Although small in international terms, New Zealand is relatively large and powerful in the Pacific. Foreign policy has focused on achieving or sustaining political stability, and on trade, development aid and managing political crises. The Pacific Islands Forum, the main regional political body, was set up in 1971.
Immigration and aid
After the Second World War, close links, job opportunities and population pressure on some islands led many Pacific peoples to migrate to New Zealand. During the 1970s the government clamped down on people overstaying their visas, particularly targeting Pacific Islanders.
In 2011 about 8% of New Zealand’s population were of Pacific descent, and over half of New Zealand aid went to the Pacific.
Colonisation and trade
The ancestors of Māori came to New Zealand from Polynesia around 1250–1300. From the late 18th century Pacific-bound whaling ships visited New Zealand, and in the 19th century many politicians advocated colonising the Pacific Islands.
After Germany withdrew from the Pacific during the First World War, Western Samoa came under New Zealand control. From 1927 the Mau movement pushed for self-government. New Zealand reacted harshly, arresting Mau supporters and firing on a peaceful protest in 1929, killing at least nine Samoans. However, New Zealand later supported Samoa becoming independent, in 1962.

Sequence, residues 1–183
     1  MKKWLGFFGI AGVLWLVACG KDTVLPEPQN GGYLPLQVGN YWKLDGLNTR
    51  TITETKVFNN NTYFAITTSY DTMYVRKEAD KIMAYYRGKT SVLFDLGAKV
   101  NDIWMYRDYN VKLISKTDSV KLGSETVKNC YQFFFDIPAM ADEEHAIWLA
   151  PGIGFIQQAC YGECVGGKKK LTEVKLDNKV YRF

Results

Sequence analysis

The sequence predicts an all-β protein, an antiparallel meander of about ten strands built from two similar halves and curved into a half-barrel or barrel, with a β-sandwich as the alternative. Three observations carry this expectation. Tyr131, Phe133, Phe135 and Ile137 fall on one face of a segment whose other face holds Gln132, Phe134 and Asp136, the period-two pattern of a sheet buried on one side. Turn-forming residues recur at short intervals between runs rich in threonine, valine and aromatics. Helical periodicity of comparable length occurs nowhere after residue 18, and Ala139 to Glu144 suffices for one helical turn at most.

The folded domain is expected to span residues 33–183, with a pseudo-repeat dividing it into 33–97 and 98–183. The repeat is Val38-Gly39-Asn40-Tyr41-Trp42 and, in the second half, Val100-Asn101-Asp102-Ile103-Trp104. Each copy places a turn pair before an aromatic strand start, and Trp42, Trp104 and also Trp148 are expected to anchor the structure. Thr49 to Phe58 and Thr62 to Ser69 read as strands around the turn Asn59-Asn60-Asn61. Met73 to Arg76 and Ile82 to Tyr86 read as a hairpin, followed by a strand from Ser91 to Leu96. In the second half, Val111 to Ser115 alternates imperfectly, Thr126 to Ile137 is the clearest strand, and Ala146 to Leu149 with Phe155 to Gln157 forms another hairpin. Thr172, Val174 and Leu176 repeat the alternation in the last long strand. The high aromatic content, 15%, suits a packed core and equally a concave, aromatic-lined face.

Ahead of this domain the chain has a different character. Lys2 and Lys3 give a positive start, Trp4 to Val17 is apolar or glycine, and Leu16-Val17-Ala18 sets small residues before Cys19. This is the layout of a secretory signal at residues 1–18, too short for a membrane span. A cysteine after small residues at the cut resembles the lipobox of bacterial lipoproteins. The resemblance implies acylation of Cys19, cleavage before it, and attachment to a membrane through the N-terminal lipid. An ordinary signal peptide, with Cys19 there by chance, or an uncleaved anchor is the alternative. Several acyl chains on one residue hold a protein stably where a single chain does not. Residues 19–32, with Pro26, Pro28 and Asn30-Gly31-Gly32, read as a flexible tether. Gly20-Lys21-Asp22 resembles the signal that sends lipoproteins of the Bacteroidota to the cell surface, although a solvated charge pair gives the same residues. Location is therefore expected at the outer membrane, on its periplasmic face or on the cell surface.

Cook Islands and Niue
The Cook Islands and Niue became New Zealand’s first Pacific colonies in 1901. From 1965 the Cooks were self-governing; so was Niue from 1974. Cook Islanders and Niueans remained New Zealand citizens.
Tokelau came under New Zealand control in 1925. In 2012 it remained a dependent territory. Tokelauans are New Zealand citizens.
From the 19th century Fiji supplied unprocessed sugar to New Zealand factories. A British colony from 1874, it became independent in 1970. New Zealand was involved in attempts to stabilise Fiji after a series of coups in 1987, 2000 and 2006.
In 2006 New Zealand troops were sent to Tonga after riots in Nuku’alofa, and in 2010 King George Tupou V agreed to new democratic arrangements.
- In the 19th century New Zealand missionaries were active in Melanesia.
- During the Second World War New Zealand troops fought the Japanese in the Solomon Islands.
- In the 1990s New Zealand helped broker a peace agreement in Bougainville.
- After a coup in the Solomon Islands in 2000, New Zealanders attempted to resolve the crisis, and from mid-2003 took part in a multinational force in the Solomons.